Right now Europe is fighting for the right to refuse to import beef from the U.S. and Canada that has been grown with the aid of artificial hormones. The purpose of these hormones is to force the livestock to grow in a rapid, unnatural way. Beef has been grown this way in North America for some time, and is sold with no special labeling. Here, meats that have been raised with artificial hormones are allowed to be labelled “All Natural.” It is safe to assume that beef you are purchasing in Canada has been raised with the aid of artificial hormones. The one exception are meats sold at specialized organic food stores that clearly state that the meat was raised without added hormones. The World Trade Organization has consistently ruled that the North American system is correct. If Europe refuses to comply, it may be forced to endure a number of trade penalties.
The U.S., Canada and the W.T.O. maintain that testing has shown this beef to be safe. But is it? Lab testing has its limitations. Lab testing is fine when you are testing the outcome of something where the expected effect is immediate. But tests to determine what the long term effects of consuming small amounts of something over many years are hardly trustworthy and difficult to obtain. There also needs to be assumptions as to what the possible negative effects are. For instance, tests may be made to show signs of cancer, or other health disorders that may commonly occur from consuming toxic substances. But let us make up a hypothetical situation. Let’s say that a real negative unknown effect of consuming beef hormones (also known as growth promoters in the beef industry) is that people tend to put on more weight over their lifetimes than they would otherwise. Could testing show this? First, you would need to realize that unexpected weight gain was one of the possible side effects that you are looking for. Then, to test for something like this, you would need to find several sets of identical twins. They would need to be fed identical diets with the one difference being that one twin would eat meat grown with hormones while the other would eat naturally grown meat. Physical activity and environment would need to be controlled, over a period of decades. Of course, this type of testing is not feasible.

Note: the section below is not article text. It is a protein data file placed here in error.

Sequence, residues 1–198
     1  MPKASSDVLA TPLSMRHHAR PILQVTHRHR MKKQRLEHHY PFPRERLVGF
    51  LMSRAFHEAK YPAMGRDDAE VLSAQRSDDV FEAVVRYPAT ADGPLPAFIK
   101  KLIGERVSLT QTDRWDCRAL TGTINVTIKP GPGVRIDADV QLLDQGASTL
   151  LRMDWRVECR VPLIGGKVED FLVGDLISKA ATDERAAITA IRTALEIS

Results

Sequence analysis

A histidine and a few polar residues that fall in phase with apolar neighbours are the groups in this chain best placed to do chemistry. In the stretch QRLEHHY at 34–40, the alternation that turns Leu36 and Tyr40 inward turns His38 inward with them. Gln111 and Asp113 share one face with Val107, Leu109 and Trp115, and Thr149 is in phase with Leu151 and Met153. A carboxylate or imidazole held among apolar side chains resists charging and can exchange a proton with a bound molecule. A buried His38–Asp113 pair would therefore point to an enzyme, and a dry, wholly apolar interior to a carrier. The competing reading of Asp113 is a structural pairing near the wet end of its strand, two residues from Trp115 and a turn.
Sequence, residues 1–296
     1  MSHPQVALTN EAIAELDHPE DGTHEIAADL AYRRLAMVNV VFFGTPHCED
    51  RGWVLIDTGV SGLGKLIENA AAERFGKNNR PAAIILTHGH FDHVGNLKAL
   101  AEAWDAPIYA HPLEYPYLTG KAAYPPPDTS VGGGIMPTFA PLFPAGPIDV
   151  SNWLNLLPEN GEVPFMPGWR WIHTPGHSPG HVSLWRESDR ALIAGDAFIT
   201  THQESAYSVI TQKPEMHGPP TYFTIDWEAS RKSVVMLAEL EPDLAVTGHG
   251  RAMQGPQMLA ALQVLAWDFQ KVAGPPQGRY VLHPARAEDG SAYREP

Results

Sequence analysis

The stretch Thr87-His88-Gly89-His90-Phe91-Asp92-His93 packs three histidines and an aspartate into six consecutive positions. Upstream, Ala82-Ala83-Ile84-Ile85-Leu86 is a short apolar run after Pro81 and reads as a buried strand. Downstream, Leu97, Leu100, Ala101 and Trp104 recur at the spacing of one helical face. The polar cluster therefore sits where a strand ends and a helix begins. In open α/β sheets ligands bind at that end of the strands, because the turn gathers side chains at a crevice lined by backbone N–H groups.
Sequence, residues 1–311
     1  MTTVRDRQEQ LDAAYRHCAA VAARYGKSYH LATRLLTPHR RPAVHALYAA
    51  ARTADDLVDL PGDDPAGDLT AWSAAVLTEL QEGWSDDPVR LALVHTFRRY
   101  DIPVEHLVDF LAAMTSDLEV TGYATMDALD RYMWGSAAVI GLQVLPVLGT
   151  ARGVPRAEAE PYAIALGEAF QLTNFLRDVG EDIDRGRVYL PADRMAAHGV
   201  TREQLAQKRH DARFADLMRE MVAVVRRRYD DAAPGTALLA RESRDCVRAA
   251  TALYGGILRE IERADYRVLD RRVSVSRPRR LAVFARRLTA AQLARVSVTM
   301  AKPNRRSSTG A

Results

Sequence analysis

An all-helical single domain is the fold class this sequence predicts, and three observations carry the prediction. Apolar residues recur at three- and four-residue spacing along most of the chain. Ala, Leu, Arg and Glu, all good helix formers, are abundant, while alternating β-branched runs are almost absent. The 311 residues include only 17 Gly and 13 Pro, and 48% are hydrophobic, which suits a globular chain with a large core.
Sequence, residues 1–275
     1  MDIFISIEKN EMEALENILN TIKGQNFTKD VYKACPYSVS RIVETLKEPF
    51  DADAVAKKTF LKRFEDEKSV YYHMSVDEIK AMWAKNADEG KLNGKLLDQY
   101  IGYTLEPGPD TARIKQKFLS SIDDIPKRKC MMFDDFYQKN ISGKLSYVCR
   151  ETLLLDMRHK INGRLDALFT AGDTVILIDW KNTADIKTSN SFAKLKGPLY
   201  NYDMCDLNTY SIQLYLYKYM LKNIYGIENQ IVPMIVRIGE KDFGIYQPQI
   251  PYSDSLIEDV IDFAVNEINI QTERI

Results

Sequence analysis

It is quite rational to suspect that consumption of substances that cause extreme unnatural growth in animals could be harmful to us. Obviously we are similar enough to animals to adopt this worry. This logic is so obvious, that one wonders why it is not considered an acceptable argument one nation may use to prohibit the sale of such meat. While we are one of the wealthiest nations in the world, we have growing numbers of some health maladies (such as diabetes) that have no explanation. Of course, it would be bad science to assume that this is because we are consuming beef with artificial hormones. However, if it is evident that we have more health problems than those in nations that do not consume these substances, it would be bad science to dismiss them as a possible factor.
Another valid concern that should be considered in the beef hormone issue is that animals grown this way are inevitably less healthy and require higher doses of antibiotics to stay alive. The problem here is that higher usage’s of antibiotics are contributing to cows gaining immunity to these antibiotics and the emergence of super infections – those that cannot be cured with present antibiotics. These drug resistant bacteria have already found there way to humans – leaving them with serious infections.
The new antibiotics that need to be created to fight these new bacterial infections will be paid for by patients when they buy their super antibiotics. The livestock producers have created a cost in their production methods, that they have dumped on society as a whole, and not solely on the consumers of their products. This breaks down arguments that free trade crusaders make that unrestricted sales of this beef will provide the best outcome. We clearly have a case of significant negative externalities.
A last point to be made is that naturally grown beef and hormone grown beef are different products. If Europe is not willing to produce and sell this product themselves, is it right for North Americans and the W.T.O. to tell them that they must accept this product as the same good as their naturally grown livestock? When we import cars from other countries we mandate that they must meet certain safety and emission requirements that are unique to Canada (e.g.: daytime running head lights etc.). How is the beef issue different? Does the W.T.O ruling make one wonder who the W.T.O is really representing?